It is called Cold Smoking, and in high summer humidity, will give you at least 1 1/2 weeks with nothing else done to it. IF you have a smoke house, then you cold smoke it, and every couple of weeks when you have something new to smoke, it gets a boost of smoke to help preserve the existing longer. That is the theory.

    Slat pork and salt beef was a really common way to store in bulk, especially for shipping. JAS Townsend has a spretty good video on youtube.

    There is a point when you just have to accept that some is probably going to waste, on the run. You can use the remaining meat for bait, a lot of times.
  8. Dont

    Dont Just another old gray Jarhead Monkey Site Supporter

    Ganado likes this.
  9. Witch Doctor 01

    Witch Doctor 01 Mojo Maker

    If I'm on the run, I probably wouldn't hunt something that large... longer cooking time, longer cleaning time, harder to hide the gut pile and waste... etc... I would if possible opt for smaller game... If I had to take larger game, I would gorge my self with the organ meat ( goes bad first and has the most nutrients, Thinly slice the loins, back strap what ever I wanted... start smoking/jerking it and every time I could have a fire keep smoking/jerking it until it was complete or I ate it...
    3M-TA3 likes this.
  10. Kingfish

    Kingfish Self Reliant

    Could you bury the meat ? say 2 feet down in plastic zip loc bags for a few days? This would keep the flies off it and keep it at 58 degrees. Do this while drying it into Jerky. Your thoughts? And yes eat as much as you can fresh. Build a sun drying rack and set a fire under it so you are using both the sun and the fire to cook, smoke and dry the meat?? Not being able to carry salt in any large quantity is a key down fall to making jerky so you have to go the route of drying it in thin strips and smoking it heavy.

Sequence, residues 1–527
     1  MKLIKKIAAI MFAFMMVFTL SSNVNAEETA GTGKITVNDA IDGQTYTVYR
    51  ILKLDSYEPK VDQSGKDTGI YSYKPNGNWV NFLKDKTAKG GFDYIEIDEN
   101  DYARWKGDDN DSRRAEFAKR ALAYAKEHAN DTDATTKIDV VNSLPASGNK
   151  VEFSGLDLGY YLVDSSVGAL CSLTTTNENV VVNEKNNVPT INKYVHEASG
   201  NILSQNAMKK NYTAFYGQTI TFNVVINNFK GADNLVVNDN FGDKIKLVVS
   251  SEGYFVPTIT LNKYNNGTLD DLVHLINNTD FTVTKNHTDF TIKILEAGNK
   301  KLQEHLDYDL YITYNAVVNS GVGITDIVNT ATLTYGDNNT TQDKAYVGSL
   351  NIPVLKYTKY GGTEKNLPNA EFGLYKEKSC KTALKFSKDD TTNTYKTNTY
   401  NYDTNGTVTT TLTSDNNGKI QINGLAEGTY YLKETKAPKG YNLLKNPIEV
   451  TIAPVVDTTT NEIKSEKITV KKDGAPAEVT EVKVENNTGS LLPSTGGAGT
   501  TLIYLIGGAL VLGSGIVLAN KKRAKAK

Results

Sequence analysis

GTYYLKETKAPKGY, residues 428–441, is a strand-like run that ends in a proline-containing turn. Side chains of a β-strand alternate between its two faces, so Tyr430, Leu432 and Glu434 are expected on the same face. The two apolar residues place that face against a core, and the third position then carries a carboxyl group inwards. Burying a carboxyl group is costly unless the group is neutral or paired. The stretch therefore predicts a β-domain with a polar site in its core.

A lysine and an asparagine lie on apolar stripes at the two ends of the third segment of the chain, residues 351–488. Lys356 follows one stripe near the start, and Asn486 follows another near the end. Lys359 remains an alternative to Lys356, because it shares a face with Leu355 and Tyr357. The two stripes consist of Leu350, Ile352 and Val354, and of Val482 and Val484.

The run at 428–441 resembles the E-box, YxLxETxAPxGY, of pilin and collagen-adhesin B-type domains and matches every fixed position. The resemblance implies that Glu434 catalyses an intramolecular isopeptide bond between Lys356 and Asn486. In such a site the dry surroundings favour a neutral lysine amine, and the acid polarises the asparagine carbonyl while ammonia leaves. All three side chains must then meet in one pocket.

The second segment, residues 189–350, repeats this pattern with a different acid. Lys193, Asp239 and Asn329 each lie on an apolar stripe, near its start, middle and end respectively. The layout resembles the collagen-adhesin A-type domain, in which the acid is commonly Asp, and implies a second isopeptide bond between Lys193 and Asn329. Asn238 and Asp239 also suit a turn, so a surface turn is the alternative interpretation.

11. 3M-TA3

    3M-TA3 Cold Wet Monkey

    I'd be careful about the smoke giving me away - both visually and by smell.
  12. Kingfish

    Kingfish Self Reliant

    Again this is a real problem for the bug out choice. I hear arguments all the time when discussing center fire rifles versus .22 rim fire for bug out. I start talking about a .22 being better for small game and they argue that you get more meat for the round by using a center fire and shooting larger game. So how do use the meat. Lets say you and your trusty .308 or 30-06 drop a 1000 pound Elk. The temps are in the mid 70,s during the day and 50's at night. How do you process 600 pounds of meat??? Remember you are bugged out with what you can carry on your back. A small deer ? I think most of us could deal with eating and smoking the meat maybe even save the hide for something . But how about a Moose or an Elk

    A search brought up a woman saying to use a zip loc and submerge it in a cold stream or lake as deep as you could and still get it back. She called it natures frig. a COLD TROUT STREAM deep hole would work well for short term storage of say 20 pounds of venison in sealed zip loc bags. Sounds plausible . If it works It will be a good reason to bring a roll of those double lock zip lock freezer bags. One problem could be racoons or Mink may steal your meat from the stream while you sleep.
    Last edited by a moderator: May 26, 2016
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  13. AxesAreBetter

    AxesAreBetter Monkey++

    Maybe up north, but in my AO, you are making jerky, or taking the hit. I am not past shooting a rabbit with a .308 or with a secondary hunting weapon. Also, ain't no 1000 pound nothing out this way, unless you kill a horse or cow. You MIGHT get 100lbs of meat off a huge deer.

    Burying ain't an option around here.
  14. Aeason

    Aeason Monkey

    I guess this could work with some thought and innovation. One day at my dad's while sitting on the porch with him and one of my adult sons, talking about prepping stuff, My dad told us about how his grandma kelp a hind quarter of beef one summer. She put it on the top of a shed on the hot tin in the day the heat kelp the fly's off and brought it in and covered in the night. He said it all got eaten a meal at a time.
    Ganado likes this.